MEMPHIS, Tenn. -- Monday will be the final two-step for two of the most successful teammates in NBA history, as Dwyane Wade's self-titled "Last Dance" season before retirement rolls through Los Angeles for a game against LeBron James and the Lakers.
"It's bitter, and it's sweet," James said following the Lakers' 111-88 win over the Memphis Grizzlies on Saturday, as L.A. prepares for Monday's showdown with Wade and the Miami Heat. "It's sweet and sour. The sweet part about it is I've always loved being on the same floor with my brother. We struck up a relationship together at the combine in 2003, and it started from there. And the sour part about it is that this is our last time sharing the same court."
James was the No. 1 pick straight out of high school in the heralded 2003 NBA draft class, going to his hometown Cleveland Cavaliers. Wade was selected No. 5 by Miami following an electric run to the Final Four with Marquette.
The two were Eastern Conference rivals for years before pairing up in the summer of 2010 and leading the Heat to four straight NBA Finals appearances and two championships in four seasons together. They later paired up in Cleveland for the first half of last season before Wade was traded back to Miami amid a turbulent season for the Cavs.
James' Lakers enter Monday's game having won 12 of their past 16 games to push their record to 16-10. Miami has won three of its past four but is just 10-14 overall.
James, who turns 34 this month, entered Saturday averaging 28.7 points, 7.6 rebounds and 6.8 assists, still very much the player he was when he won four MVPs. Wade, who turns 37 next month, is averaging 14.3 points, 3.4 rebounds and 3.5 assists.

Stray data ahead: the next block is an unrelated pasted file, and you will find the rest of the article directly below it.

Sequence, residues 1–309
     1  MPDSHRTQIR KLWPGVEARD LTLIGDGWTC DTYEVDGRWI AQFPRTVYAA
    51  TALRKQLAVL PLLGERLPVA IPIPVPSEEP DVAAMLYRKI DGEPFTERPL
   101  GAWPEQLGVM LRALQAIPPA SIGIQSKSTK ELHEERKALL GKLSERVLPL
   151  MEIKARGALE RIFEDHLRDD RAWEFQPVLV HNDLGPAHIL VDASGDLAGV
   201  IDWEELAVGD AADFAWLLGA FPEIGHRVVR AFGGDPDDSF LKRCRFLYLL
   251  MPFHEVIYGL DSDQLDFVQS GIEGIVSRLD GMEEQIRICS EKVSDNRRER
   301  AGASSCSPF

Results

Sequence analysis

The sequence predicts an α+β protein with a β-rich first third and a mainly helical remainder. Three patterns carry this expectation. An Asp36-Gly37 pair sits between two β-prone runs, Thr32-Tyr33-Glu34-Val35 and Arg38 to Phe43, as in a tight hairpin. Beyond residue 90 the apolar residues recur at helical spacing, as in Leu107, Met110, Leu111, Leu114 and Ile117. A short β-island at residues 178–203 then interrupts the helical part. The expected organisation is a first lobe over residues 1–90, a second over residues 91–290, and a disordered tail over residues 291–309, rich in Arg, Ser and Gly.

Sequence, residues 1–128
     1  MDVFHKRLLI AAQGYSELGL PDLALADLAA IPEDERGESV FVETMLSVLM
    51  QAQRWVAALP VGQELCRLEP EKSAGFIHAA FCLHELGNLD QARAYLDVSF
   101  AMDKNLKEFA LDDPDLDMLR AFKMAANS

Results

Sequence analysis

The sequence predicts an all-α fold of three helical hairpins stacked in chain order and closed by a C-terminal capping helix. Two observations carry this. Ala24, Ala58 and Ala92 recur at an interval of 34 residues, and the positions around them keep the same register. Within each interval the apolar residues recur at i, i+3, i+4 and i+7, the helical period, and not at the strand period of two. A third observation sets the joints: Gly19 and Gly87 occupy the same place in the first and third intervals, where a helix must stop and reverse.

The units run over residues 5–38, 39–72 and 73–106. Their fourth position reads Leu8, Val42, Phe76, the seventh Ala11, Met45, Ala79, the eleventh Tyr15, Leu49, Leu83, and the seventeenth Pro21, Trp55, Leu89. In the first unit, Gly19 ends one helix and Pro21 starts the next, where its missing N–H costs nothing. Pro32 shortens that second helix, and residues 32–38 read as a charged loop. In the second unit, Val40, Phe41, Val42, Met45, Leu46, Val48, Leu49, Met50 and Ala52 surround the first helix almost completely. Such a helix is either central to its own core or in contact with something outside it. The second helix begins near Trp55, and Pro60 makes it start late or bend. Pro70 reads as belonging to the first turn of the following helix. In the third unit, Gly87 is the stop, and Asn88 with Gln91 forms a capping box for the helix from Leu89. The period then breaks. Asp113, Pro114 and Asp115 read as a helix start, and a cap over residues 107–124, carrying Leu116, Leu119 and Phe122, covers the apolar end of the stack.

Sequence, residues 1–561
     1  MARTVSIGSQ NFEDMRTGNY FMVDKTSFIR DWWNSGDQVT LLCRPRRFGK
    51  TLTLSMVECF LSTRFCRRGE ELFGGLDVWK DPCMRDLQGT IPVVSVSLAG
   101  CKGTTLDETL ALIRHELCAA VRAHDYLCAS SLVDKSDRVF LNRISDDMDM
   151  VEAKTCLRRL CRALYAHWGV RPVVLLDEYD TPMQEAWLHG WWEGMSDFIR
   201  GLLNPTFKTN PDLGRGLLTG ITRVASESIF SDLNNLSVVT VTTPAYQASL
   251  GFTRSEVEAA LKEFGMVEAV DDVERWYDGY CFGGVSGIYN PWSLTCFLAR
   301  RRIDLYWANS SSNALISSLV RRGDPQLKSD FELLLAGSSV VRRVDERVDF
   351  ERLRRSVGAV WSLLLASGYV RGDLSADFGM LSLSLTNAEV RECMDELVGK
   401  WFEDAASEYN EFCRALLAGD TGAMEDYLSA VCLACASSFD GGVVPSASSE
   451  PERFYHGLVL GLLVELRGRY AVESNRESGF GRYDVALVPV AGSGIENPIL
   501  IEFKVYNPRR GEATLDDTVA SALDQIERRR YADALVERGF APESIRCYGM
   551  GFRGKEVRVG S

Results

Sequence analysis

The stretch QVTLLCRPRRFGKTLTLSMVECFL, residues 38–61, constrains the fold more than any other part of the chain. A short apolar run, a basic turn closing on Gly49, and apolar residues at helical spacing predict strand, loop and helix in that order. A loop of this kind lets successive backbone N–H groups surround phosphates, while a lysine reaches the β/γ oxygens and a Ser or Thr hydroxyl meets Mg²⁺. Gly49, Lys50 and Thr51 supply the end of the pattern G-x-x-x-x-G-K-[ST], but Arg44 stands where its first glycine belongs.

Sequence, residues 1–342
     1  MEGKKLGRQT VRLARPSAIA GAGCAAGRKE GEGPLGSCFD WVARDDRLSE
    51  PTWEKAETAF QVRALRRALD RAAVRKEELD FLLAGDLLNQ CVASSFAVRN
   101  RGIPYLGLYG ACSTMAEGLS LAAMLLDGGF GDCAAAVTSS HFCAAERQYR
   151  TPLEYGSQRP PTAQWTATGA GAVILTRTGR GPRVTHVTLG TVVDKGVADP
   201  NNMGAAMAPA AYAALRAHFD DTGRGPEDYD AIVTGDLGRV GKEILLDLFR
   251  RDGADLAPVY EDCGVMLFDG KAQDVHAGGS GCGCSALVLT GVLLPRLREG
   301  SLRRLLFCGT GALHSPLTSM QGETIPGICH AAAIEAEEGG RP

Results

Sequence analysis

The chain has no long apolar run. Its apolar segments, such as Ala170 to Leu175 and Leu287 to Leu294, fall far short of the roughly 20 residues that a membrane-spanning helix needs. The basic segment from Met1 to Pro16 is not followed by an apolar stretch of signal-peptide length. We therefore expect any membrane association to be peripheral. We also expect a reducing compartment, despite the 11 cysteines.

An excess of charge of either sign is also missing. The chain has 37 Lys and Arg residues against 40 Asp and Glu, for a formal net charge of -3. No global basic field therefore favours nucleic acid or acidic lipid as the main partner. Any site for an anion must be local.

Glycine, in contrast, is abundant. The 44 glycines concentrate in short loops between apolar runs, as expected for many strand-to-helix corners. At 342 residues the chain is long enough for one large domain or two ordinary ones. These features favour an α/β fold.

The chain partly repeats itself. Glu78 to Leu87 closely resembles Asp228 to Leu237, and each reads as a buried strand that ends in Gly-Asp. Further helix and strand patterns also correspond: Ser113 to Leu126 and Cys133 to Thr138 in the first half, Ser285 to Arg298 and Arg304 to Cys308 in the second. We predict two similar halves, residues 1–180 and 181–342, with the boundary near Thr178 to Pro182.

What made their bond so enduring?
"I don't know," James said. "Sometimes it's just chemistry. Sometimes you can't even explain it. And I bonded with Carmelo [Anthony] when I was in the 10th grade. I bonded with CP3 [Chris Paul] when I was in the 12th, and I bonded with D-Wade when we were both coming into the combine. Some things you just can't explain, and that's why we have our brotherhood."
Anthony was the No. 3 pick in the 2003 draft and is currently away from the Rockets as his representation and the team seek a trade. Paul, who was drafted in 2005, is navigating Houston through early season struggles.
"Honestly, the older I get and the more I'm in the game, I gain even that much more respect for these guys -- the legends that we're starting to lose along the way," Chandler said. "Guys that mean so much to our generation. I had some crazy competitive games against Dwyane Wade over the years. He's a legend in our game. It's always tough when you know they're losing, but you just embrace the moment. You cherish every moment you get to compete against those type of competitors.
"So I'm happy for him. I'm happy for where he's at in his life. He just welcomed a new baby. You give everything you've got to the game, and then you go on to live your life, so I'm happy for where he is right now."
Wade's impending exit and Anthony's uncertain future serve to underscore the marvel that is James' career. He keeps dominating the game while others who came into the league alongside him retire.
"I got to keep it going," James said. "I got to keep it going for the class of '03, that's for sure. So I love where I'm at right now, and D-Wade has definitely had a helluva career, obviously. A first-ballot Hall of Famer, a three-time champion and so on and so on. I mean, it speaks for itself. But what he's done for that franchise and what he's done for that community since he's been drafted has been a pretty good story."
After Wade scored 25 points in the Heat's 121-98 win over the LA Clippers on Saturday -- the 1,000th game of Wade's career -- he said Monday's game will have a "different" feeling.
"You're always excited to play the Lakers, and obviously, LeBron is there and [it's] our last time matching up, so it's definitely gonna be a little bit extra special than any normal game," Wade said. "I'm not going to sit here and tell you, 'Oh, it's another one of 82.' No, it's not. Not for me. It's a game where I get to play against not only one of my best friends but one of the game's greatest players for the last time. I want to win as a team, but I want to savor the opportunities."